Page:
Today's Michigan Daily has an interesting feature on how black scientists must still struggle to succeed in fields where personal connections and politics can have as great an impact as skill. The article includes profiles of past and present day scientists.
Fewer Elections, More Voters?
The Detroit Free Press reports that voters in 28 Michigan counties will cast ballots today in the first of just four elections this year. Michigan's new election consolidation law limits the number of annual elections four: the fourth Tuesday in February and the first Tuesday after the first Monday in May, August and November. The hope is that fewer elections will bring more voters to the polls.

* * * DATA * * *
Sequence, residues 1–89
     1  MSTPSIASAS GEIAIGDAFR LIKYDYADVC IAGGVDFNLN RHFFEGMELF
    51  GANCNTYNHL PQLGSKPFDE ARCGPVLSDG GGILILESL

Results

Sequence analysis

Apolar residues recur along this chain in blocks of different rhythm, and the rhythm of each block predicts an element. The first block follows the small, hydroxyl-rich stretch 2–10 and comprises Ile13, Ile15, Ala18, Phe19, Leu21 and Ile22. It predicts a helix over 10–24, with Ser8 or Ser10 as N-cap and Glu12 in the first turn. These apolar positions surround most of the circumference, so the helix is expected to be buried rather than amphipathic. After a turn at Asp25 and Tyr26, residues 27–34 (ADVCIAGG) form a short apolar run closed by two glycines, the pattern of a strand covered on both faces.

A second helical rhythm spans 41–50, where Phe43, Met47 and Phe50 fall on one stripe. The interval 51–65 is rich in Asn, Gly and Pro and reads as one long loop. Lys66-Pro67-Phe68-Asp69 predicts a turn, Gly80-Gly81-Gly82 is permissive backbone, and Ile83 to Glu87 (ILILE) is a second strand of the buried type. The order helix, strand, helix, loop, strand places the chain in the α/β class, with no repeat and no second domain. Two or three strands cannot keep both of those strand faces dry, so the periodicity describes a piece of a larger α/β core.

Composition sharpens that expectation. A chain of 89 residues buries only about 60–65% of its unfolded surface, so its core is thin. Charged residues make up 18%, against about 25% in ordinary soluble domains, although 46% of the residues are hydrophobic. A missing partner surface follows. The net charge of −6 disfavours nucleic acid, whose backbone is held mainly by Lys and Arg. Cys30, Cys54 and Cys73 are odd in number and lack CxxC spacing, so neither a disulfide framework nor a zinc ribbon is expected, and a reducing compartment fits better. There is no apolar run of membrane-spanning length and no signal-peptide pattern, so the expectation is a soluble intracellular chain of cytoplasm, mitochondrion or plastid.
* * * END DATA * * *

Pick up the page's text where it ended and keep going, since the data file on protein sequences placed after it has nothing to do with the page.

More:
Read Secretary Land reminds voters of Feb. 22 election in certain counties from the Michigan.gov Newswire
Monday, February 21, 2005
Five Things You Need to Know for Monday, February 21, 2005
It's President's Day, and a Washington College poll finds Lincoln rated as our greatest President while George Washington (who had a major role in inventing the office) rated 6th, behind Reagan, FDR, Kennedy, Clinton & George W. Bush ... guess he scored low in the "What have you done for me lately" category.
AuSable River Train Derailment
The Iosco County News-Herald reports thata 44-car Lake State Railway freight train derailed at about 10 PM Friday in Oscoda Township and collapsed the historic 1913 AuSable River trestle bridge in the process. Fortunately, the train was returning from dumping fly-ash rather than carrying it, which would have been a major disaster for Michigan's most famous fishing river.